Few teams carry oxygen bottles up Kilimanjaro due to the extra cost. It’s US$100 to rent the tank, plus the salary of a porter to carry it to the summit. This may sound like chump change, but considering that most porters only earn between US$5–10 per day on the mountain (plus tips), and that the average Tanzanian lives on anything from US$60 to US$800 each month, that Oxygen is expensive. But for Godwin Temba, founder and owner of Amani Afrika, the tank is a necessity. “It’s a small fee that works like life insurance,” he says. “This is probably the only time in your life that you’ll climb Kilimanjaro. You need every chance at success.” A former porter before founding his own company, Temba has seen the darker side of Kilimanjaro tourism, rife with underpaid and over-burdened porters, less than adequate food and shelter, and a lack of first aid. Even today, cost-cutting trips sometimes provide porters with only three meals for a five to seven day journey. We even witnessed our own well-fed team quietly offering extra food and tea to other porters in need. As a result, Amani Afrika doesn’t cut corners or comforts, particularly regarding food.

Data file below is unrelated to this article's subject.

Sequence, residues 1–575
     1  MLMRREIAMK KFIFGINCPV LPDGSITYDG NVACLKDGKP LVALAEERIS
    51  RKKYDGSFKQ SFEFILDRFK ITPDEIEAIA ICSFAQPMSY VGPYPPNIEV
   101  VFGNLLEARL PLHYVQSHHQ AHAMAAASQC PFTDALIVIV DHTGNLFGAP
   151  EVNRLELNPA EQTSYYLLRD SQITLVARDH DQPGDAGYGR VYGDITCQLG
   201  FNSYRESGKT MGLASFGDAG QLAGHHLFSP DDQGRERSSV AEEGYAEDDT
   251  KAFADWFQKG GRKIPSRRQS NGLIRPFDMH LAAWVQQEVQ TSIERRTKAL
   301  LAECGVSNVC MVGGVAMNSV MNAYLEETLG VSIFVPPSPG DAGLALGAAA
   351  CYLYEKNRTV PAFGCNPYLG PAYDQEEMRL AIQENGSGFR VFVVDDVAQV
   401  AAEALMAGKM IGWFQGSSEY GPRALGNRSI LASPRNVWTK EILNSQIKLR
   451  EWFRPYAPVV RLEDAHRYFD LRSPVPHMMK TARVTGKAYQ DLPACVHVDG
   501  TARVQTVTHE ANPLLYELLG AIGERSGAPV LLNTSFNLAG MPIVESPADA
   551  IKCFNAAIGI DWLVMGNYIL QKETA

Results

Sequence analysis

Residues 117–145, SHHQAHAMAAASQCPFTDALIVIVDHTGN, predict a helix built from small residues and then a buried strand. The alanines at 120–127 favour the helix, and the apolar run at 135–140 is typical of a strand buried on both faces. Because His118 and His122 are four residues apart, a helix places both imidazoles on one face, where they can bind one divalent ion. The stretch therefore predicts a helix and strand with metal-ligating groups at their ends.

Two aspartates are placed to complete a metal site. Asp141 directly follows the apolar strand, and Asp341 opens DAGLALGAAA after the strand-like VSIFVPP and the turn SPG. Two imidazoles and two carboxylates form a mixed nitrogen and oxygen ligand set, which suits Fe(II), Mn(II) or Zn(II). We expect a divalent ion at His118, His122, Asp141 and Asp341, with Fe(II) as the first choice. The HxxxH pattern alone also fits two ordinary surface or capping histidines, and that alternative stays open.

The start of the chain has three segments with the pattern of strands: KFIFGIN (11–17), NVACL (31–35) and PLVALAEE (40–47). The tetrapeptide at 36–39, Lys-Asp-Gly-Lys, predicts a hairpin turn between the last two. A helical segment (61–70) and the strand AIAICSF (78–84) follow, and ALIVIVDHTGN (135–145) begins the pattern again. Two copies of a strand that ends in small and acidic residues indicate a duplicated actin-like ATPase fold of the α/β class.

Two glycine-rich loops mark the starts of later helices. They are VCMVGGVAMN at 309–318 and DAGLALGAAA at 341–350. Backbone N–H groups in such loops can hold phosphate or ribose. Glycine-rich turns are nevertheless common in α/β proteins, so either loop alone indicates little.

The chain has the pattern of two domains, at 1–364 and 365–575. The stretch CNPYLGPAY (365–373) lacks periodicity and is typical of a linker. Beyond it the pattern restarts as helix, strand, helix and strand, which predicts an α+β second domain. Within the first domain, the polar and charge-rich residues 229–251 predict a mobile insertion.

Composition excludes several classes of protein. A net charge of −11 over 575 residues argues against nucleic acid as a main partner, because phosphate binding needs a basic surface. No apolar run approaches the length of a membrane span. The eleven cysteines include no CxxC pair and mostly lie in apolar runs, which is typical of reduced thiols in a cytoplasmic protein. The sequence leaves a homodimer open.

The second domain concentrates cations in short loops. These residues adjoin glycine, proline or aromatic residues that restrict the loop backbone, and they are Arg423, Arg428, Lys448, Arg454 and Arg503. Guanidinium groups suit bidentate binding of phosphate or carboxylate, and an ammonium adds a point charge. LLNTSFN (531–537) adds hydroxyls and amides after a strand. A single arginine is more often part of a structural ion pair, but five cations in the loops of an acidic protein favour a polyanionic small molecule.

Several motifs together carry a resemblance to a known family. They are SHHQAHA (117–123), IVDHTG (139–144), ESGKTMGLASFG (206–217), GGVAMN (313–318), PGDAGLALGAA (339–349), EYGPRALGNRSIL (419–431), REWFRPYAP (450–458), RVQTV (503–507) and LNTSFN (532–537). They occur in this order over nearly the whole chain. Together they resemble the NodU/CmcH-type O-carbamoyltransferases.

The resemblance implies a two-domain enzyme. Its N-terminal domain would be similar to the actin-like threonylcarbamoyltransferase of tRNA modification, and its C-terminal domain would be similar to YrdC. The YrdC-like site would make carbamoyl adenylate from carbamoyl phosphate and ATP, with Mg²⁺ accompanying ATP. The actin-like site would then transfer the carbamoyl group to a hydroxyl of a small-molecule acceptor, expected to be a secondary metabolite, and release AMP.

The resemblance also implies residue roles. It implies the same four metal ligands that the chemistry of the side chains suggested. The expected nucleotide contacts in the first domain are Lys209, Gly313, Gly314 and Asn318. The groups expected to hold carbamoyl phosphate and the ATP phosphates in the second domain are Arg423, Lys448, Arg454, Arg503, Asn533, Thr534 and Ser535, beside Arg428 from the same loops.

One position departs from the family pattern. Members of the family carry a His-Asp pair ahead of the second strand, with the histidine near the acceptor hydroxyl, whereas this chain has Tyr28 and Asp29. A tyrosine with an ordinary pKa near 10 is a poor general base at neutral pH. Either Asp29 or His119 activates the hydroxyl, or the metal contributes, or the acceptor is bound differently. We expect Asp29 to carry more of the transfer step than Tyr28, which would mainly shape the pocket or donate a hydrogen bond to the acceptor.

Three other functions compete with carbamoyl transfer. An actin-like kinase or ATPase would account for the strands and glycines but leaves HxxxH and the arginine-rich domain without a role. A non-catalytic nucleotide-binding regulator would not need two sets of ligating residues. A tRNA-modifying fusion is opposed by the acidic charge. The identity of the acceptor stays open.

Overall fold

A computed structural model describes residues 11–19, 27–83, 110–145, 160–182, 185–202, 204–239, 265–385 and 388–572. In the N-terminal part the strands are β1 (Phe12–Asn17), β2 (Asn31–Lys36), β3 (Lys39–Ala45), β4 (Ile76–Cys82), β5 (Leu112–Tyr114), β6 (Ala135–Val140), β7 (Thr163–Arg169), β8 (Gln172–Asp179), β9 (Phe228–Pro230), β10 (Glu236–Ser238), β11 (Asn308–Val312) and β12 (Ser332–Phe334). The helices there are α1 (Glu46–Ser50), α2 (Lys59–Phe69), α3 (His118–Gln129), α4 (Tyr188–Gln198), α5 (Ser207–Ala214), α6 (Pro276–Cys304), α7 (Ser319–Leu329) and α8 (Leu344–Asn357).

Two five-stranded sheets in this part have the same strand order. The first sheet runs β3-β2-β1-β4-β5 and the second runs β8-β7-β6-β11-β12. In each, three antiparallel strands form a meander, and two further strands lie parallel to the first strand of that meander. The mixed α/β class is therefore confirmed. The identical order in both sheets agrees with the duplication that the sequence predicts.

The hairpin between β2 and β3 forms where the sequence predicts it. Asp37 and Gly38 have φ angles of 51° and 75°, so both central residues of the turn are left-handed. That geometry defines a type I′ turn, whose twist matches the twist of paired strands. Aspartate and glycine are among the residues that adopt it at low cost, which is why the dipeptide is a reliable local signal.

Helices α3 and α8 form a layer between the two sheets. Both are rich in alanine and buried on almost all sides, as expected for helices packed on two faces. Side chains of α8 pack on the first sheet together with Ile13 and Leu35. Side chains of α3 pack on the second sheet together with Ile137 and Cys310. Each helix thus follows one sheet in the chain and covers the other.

Porters walk on a ridge above the clouds on Mount Kilimanjaro – often hauling as much as 30kg.
Porters walk on a ridge above the clouds — often hauling as much as 30 kilograms.

Our popular camp chef — “Dr Stomach” — is the most important guy in the group, our guides repeatedly enthused. Each day started with tea and coffee delivered to our tent door by our kindly “waiter”, the energetic Hassan Husseini. Hot breakfast followed, then a prepared lunch at midday. Snacks were constantly on offer, the best being home-made granola from Arusha-based bakery Mama’s Kitchen. Tea, coffee and popcorn were offered as late afternoon appetisers, and dinner came in courses — one of Dr Stomach’s signature soups, then a generous main dish like chicken. Bed was a thick mattress with a pillow — true luxury in these parts — topped with our down-filled sleeping bags. There’s nothing quite like the restorative power of a good meal and good night’s sleep, Temba believes. It showed for our team: our porters laughed, teased, high-fived, and sang traditional Tanzanian songs to us at the end of each day: rowdy, clapping songs that attracted the attention of other climbers. These guys had energy. And they passed that energy on to us.